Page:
On the way back the lines from the sail send my Imus Autobody Express baseball hat into the Nile. Since we're already late and it's floating away from us at a rapid rate I say forget it. But one of our crew strips off his galabia and swims back for it. The wind finally picks up and we reach shore just as my hero returns with the hat via the shore route. I thank him with LE 10.

Soon the Sun Boat is underway North down the Nile. As we pass Aswan we see maybe 20 or 30 Nile cruise boats tied up and empty. Out on the rear deck we settle in for the views and we are not disappointed. A sandy hill rises on the west bank topped by a domed structure of some kind and half way down the hill is a village of mud buildings with doorways, paths and stairs but no people. I can't tell if it's really old or relatively new. As we continue upriver the shoreline on both sides is a narrow band of green and then beyond, the brown of the desert. We see palm trees and fields, cattle, wattle huts, an occasional village, grazing donkeys and water buffalo, stonework walls up on brown hills, orchards. Sometimes one side is like an oasis while the opposite shore has no green at all. Occasionally, modern civilization intrudes with an industrial smokestack or a brief stretch of road. Otherwise, the river is timeless.

Lunch calls us away from the rear deck but the views continue inside through the dining room windows. We have a terrific Italian buffet while the river life slips by outside. After lunch we return to the deck until we pull up to shore at the Greco-Roman ruins at Kom Ombo. The temple dates from 181 B.C.-219 A.D. and is built on the ruins of an XVIIIth Dynasty temple. It is dedicated to two gods-Horus, the falcon and Sobek, the alligator. The two gods represent good and bad, light and dark, life and death.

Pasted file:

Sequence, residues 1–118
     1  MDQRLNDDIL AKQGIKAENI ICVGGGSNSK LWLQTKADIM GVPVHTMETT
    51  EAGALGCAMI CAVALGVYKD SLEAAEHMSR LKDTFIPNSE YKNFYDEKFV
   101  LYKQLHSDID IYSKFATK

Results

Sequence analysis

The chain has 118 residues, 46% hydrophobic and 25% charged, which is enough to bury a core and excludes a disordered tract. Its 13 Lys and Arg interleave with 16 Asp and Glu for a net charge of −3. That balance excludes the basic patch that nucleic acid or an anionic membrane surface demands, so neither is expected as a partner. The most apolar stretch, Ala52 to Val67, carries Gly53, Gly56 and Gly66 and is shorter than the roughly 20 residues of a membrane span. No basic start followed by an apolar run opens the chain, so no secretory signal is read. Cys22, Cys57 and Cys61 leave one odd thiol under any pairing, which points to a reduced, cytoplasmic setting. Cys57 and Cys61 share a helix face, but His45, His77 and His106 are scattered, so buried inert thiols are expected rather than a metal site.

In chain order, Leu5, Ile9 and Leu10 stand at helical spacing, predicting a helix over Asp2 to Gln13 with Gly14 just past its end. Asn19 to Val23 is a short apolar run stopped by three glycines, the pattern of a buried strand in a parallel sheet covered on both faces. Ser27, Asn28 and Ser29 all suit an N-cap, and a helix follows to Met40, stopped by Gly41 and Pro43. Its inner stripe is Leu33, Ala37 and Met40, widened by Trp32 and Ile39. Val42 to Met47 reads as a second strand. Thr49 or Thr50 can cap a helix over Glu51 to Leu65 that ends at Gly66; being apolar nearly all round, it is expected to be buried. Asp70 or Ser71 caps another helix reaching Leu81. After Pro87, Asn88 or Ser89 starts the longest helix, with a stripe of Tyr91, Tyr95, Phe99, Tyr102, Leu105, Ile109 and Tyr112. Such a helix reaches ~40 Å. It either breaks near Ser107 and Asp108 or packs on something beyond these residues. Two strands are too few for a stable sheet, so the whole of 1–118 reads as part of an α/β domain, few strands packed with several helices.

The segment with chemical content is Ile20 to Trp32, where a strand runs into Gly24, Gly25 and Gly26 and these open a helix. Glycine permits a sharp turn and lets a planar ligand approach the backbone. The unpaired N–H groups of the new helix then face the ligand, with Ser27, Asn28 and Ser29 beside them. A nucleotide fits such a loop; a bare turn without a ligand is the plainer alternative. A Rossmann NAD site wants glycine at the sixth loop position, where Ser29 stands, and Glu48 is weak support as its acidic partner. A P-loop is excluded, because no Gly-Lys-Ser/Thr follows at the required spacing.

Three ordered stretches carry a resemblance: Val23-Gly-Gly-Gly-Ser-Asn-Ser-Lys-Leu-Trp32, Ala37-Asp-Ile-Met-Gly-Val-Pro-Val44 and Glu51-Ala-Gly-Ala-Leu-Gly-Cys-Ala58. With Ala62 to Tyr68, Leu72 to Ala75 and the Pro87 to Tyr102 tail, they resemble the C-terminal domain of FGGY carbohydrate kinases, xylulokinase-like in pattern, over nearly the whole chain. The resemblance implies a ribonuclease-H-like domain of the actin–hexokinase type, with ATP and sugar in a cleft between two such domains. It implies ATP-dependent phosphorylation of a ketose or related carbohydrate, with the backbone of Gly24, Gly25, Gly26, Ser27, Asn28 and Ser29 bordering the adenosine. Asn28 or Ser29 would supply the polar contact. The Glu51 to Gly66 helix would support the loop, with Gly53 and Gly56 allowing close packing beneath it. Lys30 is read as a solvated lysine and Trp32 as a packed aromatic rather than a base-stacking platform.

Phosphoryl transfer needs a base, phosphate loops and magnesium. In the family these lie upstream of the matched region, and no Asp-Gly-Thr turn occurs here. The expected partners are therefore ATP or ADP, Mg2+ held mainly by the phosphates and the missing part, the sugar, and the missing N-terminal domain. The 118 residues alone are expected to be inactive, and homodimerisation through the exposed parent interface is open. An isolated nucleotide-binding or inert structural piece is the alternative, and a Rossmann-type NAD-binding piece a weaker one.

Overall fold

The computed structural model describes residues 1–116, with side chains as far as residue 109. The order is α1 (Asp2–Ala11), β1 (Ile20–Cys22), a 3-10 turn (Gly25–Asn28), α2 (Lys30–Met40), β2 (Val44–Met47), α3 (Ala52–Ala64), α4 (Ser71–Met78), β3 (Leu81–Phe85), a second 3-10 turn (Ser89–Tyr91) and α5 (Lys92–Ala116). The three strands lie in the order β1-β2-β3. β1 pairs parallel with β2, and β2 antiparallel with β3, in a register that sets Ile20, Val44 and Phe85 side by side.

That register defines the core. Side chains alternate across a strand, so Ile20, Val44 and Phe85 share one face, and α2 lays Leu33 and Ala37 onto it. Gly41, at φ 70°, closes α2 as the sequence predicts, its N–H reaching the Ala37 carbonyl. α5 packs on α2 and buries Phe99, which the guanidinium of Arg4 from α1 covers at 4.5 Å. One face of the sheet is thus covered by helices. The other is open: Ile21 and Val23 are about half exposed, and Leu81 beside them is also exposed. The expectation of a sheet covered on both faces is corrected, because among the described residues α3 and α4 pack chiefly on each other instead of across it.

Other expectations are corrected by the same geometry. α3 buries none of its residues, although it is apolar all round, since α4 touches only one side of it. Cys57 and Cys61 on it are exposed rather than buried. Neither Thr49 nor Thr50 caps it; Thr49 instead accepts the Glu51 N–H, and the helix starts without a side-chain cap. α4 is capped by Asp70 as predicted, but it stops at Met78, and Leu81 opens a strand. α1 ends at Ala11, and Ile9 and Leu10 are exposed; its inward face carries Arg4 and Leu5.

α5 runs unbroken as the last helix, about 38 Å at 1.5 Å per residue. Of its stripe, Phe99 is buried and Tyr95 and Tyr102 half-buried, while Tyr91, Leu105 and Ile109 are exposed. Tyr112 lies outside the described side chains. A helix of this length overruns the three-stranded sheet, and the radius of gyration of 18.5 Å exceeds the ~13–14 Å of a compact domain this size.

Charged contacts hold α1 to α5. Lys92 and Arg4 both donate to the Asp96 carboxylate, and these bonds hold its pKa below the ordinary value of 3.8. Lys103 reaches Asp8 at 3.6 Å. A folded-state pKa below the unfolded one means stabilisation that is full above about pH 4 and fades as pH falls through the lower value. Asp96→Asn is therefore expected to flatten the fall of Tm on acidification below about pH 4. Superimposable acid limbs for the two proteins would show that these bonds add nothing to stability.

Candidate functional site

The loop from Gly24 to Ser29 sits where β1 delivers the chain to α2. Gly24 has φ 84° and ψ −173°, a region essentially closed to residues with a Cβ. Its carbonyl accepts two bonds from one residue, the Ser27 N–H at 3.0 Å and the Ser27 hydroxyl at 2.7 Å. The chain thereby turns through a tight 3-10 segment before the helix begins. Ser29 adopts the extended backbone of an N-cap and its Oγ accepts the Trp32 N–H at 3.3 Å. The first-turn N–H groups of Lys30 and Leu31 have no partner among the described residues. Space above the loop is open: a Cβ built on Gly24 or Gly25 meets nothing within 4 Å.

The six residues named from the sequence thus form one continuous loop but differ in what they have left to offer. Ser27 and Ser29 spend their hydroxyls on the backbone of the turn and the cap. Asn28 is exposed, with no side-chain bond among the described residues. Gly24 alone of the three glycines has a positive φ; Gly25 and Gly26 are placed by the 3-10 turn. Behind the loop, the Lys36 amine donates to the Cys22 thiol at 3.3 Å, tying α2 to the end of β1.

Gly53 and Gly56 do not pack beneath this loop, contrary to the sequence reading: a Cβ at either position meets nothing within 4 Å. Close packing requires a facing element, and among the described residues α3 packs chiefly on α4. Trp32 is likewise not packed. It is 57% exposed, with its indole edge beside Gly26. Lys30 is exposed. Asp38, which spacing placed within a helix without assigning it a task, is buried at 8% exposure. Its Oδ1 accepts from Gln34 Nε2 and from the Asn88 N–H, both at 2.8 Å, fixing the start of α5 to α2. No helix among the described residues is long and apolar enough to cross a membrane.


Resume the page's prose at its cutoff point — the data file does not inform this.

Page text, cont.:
On the way up to the temple, Susan has a near purchase experience with a black shawl. The price goes from LE 50 to LE 20 in a flash but she's never going to wear it so we pass.

Our first stop is a small building with mummified alligators after which we enter the forecourt with its partial columns all covered with friezes with touches of color still visible in some places. The cobras in the design represent eternity as well as protection for Horus. The temple itself has the same big stumpy columns with veggie capitals and raised transom that we saw in Trajan's kiosk at Philae. Every surface is carved with deep richly realized images. We see the God of Wisdom in the form of Isis with a bird's head and a man's body. One of the cornices still has touches of color. The stylized Egyptian figures now have an overlay of Greek aesthetic sensibility-more emphasis on breasts, stomachs, legs under gowns. The king wears a Greek robe instead of the usual Egyptian paraphernalia. Some of the carvings are in relief, others cut into the stone. I love it.